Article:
Should I accept a free 1974 Toyota Landcruiser?
August 30, 2019 10:28 AM   Subscribe

A friend has offered me a 1974 Land Cruiser. All I have to do is get it home from 500 miles away. Is there anything particularly tricky about that vintage Landcruiser, or should it be fairly straightforward to make roadworthy?

I am retiring soon and will have the time. I am handy and have access to a well equipped garage. Welding is on my list of skills to acquire.

Per my friend "Solid chassis and drivetrain, it has run relatively recently and probably still does, the body is rough in spots."
posted by donpardo to Sports, Hobbies, & Recreation (27 answers total) 1 user marked this as a favorite
 
Yes.
posted by papayaninja at 10:29 AM on August 30, 2019 [7 favorites]


Accept the offer.
posted by AugustWest at 10:33 AM on August 30, 2019 [4 favorites]


Do it!
posted by zippy at 10:36 AM on August 30, 2019 [3 favorites]


They're well known for being practically indestructable. I've seen them all over the Sahara. I'd take it.
posted by Too-Ticky at 10:38 AM on August 30, 2019 [4 favorites]


I had an old Land Cruiser. The availability of after market parts is really impressive. Whatever you need to fix, you will be able to.
posted by Quonab at 10:40 AM on August 30, 2019 [2 favorites]


Take it yes if it is something you are interested in but avoid if you wouldn't otherwise spend $1000 on a project.

Re driving it home: A lot is going to depend on how well it was maintained and how long it was sitting. Stuff like brakes, clutch, tires or anything made of rubber can go bad just from sitting.

If it was me and the truck had been sitting for a while (a year?) for such a distance or had very few miles in the last decade I'd rent a trailer (and a truck if necessary) and trailer it home. I've done this a few times with U-Haul using their in town rate for a trailer. Cheap to avoid a blow out or brake failure (or even a bad carb or fuel pump, the truck is pretty old, part availablity is going to be spotty on the road) on the way home.
posted by Mitheral at 10:40 AM on August 30, 2019 [11 favorites]


Well, that all seems pretty definitive. Thanks everyone!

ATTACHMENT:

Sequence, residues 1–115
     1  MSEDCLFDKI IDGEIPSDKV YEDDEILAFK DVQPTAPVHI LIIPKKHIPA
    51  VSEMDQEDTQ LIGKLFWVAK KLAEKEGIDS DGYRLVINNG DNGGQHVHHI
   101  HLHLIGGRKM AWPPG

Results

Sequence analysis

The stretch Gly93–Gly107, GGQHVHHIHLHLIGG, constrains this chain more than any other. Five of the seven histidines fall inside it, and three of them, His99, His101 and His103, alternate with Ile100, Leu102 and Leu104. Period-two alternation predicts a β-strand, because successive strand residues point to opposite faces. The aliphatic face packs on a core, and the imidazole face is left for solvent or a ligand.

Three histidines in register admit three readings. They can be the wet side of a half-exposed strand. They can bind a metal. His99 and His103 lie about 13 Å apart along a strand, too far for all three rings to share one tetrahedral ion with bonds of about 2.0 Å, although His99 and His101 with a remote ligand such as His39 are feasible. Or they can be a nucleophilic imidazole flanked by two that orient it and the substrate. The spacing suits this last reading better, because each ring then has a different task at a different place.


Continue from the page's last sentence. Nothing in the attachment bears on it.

posted by donpardo at 10:47 AM on August 30, 2019 [3 favorites]


They are pretty amazing vehicles.

If your travel takes you through Colorado, a visit to Land Cruiser mecca and body parts might be in order:

https://www.classiccruisers.com
posted by nickggully at 10:48 AM on August 30, 2019 [6 favorites]


Worst case scenario just rent a Uhaul 4-wheel car hauler and rent/borrow a truck to pull it. That's how I got a VW Convertible across one state and into my back yard. Now the wisdom of said action in my case may be an order of magnitude less than in yours but, whatever, it wasn't a bad way to do it with more assurance than attempting to get said vehicle into road-worthy state after being parked for 20 years.
posted by RolandOfEld at 11:17 AM on August 30, 2019


Yes! What great timing for you. If you're of a mind to, please document the restoration process (with tyro welder adventures) and post it to Projects.
posted by Iris Gambol at 11:35 AM on August 30, 2019 [1 favorite]


I involuntarily said "YES" at my desk but hopefully everyone thinks I'm on the phone.
posted by chesty_a_arthur at 11:52 AM on August 30, 2019 [8 favorites]


No. This car is not free (insurance, registration, tests, gas, etc.), high clearance vehicles are significantly more dangerous to other road users (especially pedestrians), old cars are less fuel efficient, and the planet is dying.

(This is glib. There's of course way more to it than this, and it's a great car, but I wanted to provide an alternative perspective.)
posted by caek at 12:00 PM on August 30, 2019 [1 favorite]